February 09, 2010

Kayla Silverfox in Wolverine

In X-Men Origins: Wolverine, Logan (aka Wolverine) grows up to be a Special Forces type of US soldier. He quits and becomes a lumberjack in some mountain setting in the western US or Canada. He falls in love with a dark-haired young school teacher played by Lynn Collins.

People identify her as "Kayla" and "Miss Silverfox," which suggests she's an Indian. Then she tells Logan an Indian legend about Keukuatsheu, the Wolverine. Other than that, there's no hint of her ethnicity.

Lynn Collins does a perfectly acceptable job in Kayla's few scenes. But she looks like what she is: an Anglo American with a bit of Native ancestry who dyed her hair brown. I.e., like someone pretending to be an Indian. Without the character's name and the legend, you probably wouldn't guess her to be Native.

Why didn't the studio cast an Indian for this role? Lynn Collins isn't a huge selling point to investors or distributors. Not when you have Hugh Jackman, Liev Schreiber, and Danny Huston plus a presold concept in Wolverine. There's no conceivable financial reason for hiring a white actress to play a minor Native role.

What the studio was thinking

You can almost see the racist minds at work. The character got the name Silverfox, the dark hair, and the legend so comics fans would think she was an Indian. But they added the Anglo name Kayla, didn't mention Indians, and cast a Hollywood starlet so other fans would think she was white.

Heaven forbid if audiences saw a big white hunk like Wolverine shacking up with a woman of color. I.e., someone who didn't fit (white) society's image of an acceptable mate. Ohmigod, she might not be rail-thin. Might not have a pert little nose. Stop Wolverine before he commits miscegenation!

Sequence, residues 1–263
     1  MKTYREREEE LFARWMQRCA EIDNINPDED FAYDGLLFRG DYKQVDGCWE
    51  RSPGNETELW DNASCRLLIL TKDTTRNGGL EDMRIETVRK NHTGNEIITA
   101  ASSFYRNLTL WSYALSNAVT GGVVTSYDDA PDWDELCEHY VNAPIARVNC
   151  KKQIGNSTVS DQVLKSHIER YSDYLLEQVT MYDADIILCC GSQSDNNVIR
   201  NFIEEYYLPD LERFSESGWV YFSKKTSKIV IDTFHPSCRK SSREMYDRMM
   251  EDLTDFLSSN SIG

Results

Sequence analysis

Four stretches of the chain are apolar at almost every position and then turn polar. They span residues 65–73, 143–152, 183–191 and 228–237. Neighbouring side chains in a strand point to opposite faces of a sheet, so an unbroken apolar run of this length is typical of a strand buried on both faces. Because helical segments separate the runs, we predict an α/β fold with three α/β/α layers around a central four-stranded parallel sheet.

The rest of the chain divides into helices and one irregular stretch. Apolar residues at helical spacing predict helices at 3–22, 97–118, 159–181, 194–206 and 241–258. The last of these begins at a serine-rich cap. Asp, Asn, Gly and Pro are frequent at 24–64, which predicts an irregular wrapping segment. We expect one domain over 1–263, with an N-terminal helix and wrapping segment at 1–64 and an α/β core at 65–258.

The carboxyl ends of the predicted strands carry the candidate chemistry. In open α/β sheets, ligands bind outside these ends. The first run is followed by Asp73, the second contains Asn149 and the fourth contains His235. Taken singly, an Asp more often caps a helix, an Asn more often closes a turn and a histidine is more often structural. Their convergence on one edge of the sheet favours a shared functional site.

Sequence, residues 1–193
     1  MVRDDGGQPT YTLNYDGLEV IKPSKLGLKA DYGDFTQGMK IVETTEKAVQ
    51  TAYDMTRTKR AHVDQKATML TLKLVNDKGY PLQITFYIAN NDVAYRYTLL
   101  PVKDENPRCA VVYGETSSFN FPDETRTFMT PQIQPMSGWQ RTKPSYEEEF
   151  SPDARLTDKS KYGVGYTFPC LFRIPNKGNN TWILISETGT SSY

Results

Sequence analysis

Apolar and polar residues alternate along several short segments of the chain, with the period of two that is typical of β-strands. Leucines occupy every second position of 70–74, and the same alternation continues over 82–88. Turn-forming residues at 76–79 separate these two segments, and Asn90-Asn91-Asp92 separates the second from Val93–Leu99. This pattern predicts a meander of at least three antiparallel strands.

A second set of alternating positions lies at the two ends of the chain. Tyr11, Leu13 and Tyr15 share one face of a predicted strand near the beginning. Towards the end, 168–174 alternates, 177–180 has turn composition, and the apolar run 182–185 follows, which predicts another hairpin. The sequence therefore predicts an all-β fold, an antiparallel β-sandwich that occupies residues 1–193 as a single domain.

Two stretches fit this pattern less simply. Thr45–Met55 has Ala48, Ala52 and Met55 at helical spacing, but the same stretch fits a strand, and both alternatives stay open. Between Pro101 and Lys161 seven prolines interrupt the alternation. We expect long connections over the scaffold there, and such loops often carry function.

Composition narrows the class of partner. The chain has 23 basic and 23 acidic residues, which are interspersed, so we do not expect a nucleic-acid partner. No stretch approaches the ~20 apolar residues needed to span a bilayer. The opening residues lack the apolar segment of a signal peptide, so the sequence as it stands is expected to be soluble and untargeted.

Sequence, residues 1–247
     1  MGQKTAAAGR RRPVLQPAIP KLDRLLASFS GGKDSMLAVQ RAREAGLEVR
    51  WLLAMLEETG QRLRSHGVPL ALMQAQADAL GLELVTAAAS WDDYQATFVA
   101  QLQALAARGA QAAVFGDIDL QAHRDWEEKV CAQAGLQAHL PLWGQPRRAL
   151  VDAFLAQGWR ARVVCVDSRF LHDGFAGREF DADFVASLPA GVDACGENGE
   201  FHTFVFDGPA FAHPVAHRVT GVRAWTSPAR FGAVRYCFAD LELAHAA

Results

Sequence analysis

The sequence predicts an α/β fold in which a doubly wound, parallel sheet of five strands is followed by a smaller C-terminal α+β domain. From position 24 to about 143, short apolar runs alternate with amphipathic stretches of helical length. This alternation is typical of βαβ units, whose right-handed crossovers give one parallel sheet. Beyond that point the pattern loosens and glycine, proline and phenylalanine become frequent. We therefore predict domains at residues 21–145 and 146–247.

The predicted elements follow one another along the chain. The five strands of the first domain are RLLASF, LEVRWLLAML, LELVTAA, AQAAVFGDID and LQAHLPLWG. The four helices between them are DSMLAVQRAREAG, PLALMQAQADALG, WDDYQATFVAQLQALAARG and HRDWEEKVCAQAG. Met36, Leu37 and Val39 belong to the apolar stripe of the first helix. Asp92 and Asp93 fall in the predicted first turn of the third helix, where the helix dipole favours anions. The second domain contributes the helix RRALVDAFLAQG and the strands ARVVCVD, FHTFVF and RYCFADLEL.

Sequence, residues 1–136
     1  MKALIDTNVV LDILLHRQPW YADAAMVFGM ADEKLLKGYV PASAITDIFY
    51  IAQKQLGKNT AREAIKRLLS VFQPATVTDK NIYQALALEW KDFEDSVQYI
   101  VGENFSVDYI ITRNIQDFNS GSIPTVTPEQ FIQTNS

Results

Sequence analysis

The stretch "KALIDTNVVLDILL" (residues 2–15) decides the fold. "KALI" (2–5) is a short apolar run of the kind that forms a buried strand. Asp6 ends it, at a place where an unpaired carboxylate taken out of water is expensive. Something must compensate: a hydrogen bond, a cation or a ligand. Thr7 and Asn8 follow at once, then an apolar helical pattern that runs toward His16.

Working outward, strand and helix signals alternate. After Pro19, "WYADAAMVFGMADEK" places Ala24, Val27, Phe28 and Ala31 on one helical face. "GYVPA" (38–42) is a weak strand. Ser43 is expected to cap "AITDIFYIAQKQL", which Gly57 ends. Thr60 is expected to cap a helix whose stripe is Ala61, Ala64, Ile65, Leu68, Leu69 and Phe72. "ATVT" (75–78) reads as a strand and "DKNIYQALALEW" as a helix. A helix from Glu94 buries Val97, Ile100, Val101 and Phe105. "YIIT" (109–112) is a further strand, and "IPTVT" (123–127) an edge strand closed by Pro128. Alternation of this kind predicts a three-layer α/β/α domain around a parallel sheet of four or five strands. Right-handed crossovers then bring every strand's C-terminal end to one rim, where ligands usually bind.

It's basically a case of the Indian princess syndrome. In our society, the only good Indian women are sexy maidens. The rest are unpalatable "squaws."

Kayla Silverfox had a few moments, but it wasn't that great of an acting challenge. Any good Native actress could've played it as well as Lynn Collins. Using a Native actress would've added to the idea of Logan and Kayla as two outsiders against the world. It would've made the Native legend that much more believable. And it wouldn't have hurt the movie's sales (see Twilight and Avatar for evidence).

Wolverine is yet another example of Hollywood's casting non-Natives in Native roles for racial, not creative or financial, reasons. When will it end?

For more on the movie, see Debating Lynn Collins as Silver Fox, Another "Native" Actor Discovered, and Silver Fox in Wolverine Movie.

Below:  Hollywood's idea of a Native woman.


Anonymous said...

I agree that they should have used a Native actress to play the role. There are plenty of gorgeous, talented, indigenous actresses who could have done that role, and I'm willing to place money that they didn't even consider that. I'm not willing to make the leap that it was a deliberate and malicious thing, I don't give them that much credit for forethought, I'm more willing to bet that it was a matter of "this is the way it has always been done, this is the way we'll do it". I would have a lot of admiration for a casting director if they broke status quo and decided to set their OWN precedent. What's the chance of that though - when they won't even double check Tinsel Korey's past?

The only disagreement I have in this article is that Lynn Collins dyed her hair FOR the role. I've seen her in roles prior to Wolverine and since Wolverine and on all occasions she's had dark brown hair. It appears to be her natural color. There are dark haired caucasians, you know.

Rob said...

As I've said many times, racism can work on an unconscious level. I doubt studio execs sat around saying or even thinking the things I attributed to them. But these things could've been operating in the backs of their minds.

Given that the hair in my family runs to a dark brown that's almost black, I know about dark-haired Caucasians. I mentioned Collins's hair because most pictures show her with light, reddish, or medium-brown hair.


True, dark brown could be her natural color, and she could've dyed her hair light, reddish, or medium brown. But I'm guessing it's the other way around.